Okay, now that the ash is gone and it's spring with summer approaching, what would be the next, somewhat logical, step in yard upgrades?
You know, I could take care of this mess.
We we moved into this house, along the downspout were flowering bushes. I don't even remember what they were but they were really invasive and had spread. So, I spent a lot of time digging those up. Along the foundation of the house in the back are tiger lilies. Did you know they are ridiculously hard to kill? I found oven cleaner works. (Yes, there is a story behind that.) To the right of the ash stump, there used to be French lilacs. They are nice, but I prefer Persian lilacs, which have that deep, lilac scent, even though it lasts for roughly a week. The French ones didn't have that much of a smell.
The patch in the center photo used to have a large Persian lilac in it. Buckthorn, a horrible, invasive European import, has taken over all these patches. Along the north side of the house, it was just a mass of, what I call, trash trees. You can see this, clearly, in this photo from the post below.
All that stuff was encroaching on the north side of the yard, crowding out the grass. There was an abundance of branches and it was difficult to clean in there. But, and this was huge for me, I had attracted a wealth of birds to the yard because they had a place to hide. If you're going to feed them, it's important to have a place they can fly to if they felt threatened. A lot of this stuff was insect laden which appealed to the insect eaters. While I had to take down the ash as it was a safety hazard, I, technically, didn't have to remove this stuff. It wasn't doing any real harm. It was just unsightly and encroaching on the lawn.
I wrestled with this all winter and into spring. I loved seeing flickers and thrushes and several birds I couldn't identify, in this brush. But, it came down to what did I want from my yard. I want to clean it up and that means getting rid of this stuff. So, I hired Evergreen again.
Here they are clearing the area where the lilac used to be. I thought there was a lilac still amongst the brush but, in looking closely, it had been overtaken by the buckthorn. So that whole patch was cleaned out. They also ground out the stumps.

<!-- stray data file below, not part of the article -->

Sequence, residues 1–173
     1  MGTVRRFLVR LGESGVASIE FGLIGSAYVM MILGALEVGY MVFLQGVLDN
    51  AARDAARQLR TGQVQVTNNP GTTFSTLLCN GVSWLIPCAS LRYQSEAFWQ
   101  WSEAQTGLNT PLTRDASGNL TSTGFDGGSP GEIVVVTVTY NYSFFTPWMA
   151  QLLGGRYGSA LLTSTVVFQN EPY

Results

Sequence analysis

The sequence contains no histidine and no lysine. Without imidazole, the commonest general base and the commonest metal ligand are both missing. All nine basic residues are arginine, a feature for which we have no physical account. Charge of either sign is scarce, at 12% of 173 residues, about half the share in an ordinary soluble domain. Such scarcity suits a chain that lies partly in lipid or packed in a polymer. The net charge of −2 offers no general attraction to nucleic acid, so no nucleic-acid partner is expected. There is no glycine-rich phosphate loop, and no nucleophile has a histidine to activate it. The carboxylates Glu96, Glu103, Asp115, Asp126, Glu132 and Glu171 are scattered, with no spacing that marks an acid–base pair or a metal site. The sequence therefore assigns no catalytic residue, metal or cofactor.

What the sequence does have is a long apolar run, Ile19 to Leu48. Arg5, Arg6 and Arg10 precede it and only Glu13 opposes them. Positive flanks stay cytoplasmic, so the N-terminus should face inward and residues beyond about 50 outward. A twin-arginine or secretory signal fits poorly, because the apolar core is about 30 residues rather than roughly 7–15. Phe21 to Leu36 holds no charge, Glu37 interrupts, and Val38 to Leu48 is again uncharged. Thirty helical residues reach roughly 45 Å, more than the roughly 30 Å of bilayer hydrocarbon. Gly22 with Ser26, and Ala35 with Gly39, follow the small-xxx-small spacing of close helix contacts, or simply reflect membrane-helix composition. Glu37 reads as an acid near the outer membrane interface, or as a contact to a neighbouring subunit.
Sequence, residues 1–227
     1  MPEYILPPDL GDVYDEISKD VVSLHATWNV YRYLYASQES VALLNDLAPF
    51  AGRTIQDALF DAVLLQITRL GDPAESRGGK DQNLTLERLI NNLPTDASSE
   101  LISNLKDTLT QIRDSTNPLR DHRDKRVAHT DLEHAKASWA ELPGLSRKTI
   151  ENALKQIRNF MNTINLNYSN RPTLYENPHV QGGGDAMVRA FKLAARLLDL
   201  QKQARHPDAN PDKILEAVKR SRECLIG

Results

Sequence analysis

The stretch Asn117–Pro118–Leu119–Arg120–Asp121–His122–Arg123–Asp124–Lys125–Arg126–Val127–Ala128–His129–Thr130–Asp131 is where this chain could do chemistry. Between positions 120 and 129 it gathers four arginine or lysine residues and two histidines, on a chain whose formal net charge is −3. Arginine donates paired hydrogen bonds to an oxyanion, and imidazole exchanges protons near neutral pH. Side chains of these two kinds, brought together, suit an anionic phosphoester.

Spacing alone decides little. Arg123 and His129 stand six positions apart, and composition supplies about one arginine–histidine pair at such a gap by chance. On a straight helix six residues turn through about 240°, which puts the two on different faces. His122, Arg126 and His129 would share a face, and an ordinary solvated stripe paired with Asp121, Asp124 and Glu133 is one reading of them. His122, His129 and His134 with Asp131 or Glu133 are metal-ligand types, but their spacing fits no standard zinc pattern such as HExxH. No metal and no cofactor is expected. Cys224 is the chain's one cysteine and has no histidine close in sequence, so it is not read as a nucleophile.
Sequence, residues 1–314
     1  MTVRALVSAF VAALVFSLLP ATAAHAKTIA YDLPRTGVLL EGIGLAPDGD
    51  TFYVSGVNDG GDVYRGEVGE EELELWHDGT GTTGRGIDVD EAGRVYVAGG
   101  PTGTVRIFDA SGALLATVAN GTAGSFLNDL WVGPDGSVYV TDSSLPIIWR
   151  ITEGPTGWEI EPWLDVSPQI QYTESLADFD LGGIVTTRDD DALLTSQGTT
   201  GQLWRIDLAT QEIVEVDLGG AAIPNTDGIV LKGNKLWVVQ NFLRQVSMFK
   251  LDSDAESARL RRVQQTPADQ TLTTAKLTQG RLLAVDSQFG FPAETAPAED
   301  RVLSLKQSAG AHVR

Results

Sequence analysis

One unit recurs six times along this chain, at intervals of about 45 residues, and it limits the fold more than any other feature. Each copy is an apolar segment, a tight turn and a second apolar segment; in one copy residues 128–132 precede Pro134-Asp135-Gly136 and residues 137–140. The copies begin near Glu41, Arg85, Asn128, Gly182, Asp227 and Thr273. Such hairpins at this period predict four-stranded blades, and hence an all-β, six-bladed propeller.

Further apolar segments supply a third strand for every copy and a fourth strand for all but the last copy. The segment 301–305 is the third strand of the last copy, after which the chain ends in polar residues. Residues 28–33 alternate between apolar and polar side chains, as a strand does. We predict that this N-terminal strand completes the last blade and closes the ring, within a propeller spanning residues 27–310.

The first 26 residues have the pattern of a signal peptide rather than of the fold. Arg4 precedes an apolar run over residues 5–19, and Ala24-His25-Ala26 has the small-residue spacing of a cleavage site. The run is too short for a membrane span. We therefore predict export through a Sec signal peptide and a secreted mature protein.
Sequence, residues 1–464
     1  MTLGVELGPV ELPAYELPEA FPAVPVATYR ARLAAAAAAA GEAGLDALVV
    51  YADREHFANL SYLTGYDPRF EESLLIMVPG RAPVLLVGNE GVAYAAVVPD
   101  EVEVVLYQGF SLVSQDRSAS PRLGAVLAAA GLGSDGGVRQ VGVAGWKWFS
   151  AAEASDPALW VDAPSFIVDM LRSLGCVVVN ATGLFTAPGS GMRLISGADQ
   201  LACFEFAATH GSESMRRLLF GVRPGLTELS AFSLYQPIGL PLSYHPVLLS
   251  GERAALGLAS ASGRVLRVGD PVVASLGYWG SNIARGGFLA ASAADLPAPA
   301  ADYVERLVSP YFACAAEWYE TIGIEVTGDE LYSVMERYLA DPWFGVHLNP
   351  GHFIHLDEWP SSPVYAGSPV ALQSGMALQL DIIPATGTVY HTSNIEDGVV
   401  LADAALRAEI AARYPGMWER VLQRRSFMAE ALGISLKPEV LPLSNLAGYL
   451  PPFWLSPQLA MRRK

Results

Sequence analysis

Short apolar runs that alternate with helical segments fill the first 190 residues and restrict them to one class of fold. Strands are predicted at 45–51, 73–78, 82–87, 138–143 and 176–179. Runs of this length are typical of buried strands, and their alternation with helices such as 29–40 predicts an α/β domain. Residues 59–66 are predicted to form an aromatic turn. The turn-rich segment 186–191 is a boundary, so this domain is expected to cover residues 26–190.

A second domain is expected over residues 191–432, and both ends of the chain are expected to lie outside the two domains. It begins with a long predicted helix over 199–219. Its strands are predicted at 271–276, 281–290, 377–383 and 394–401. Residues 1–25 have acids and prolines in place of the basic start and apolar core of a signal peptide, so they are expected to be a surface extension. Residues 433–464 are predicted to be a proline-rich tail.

Once they left, I set out another block of squirrel and bird food. Here's the end result.
The tufts of green to the right are tiger lilies. With the brush gone, they have spread toward the ash. On the east side of the house, opposite where I'm standing, there is lily of the valley which exploded this spring, moving to the left into the area vacated by brush around the pine trees. Evergreen removed all the dead pine branches and the branches which touched the roof of the house. I have discarded ancient storm windows which I now have to slowly put out with the trash. I bought Round-Up and have sprayed all the trunks they couldn't grind around the pine trees because it would kill the pines. Yes, I know Round-Up is not a great herbicide to have in your house, but it does kill brush trunks and I need to not have those things resprout or all this money is wasted. You see another stand of brush near their truck. That's a lilac. I need to prune it back this summer. With this area opened up, I think it will flower more next year. There weren't many bracts on it this year and it's a Persian variety, the kind I love to smell.
I added topsoil and mushroom compost to the area around the downspout. As I'm going through my deck pots and planting for this year's growing season, old soil is being dumped here, too. I rake it all together. There will be more posts about yard rehabilitation. There's been a lot in my RA news feed about how being outside helps with fatigue and depression. Having come through a late winter, early to mid-spring depressive episode, I need to make my outdoor space inviting so I will want to be outside. It will help me and the girls like to come out when I'm out. I'm sure it helps them, too.
Beverage: Dr Pepper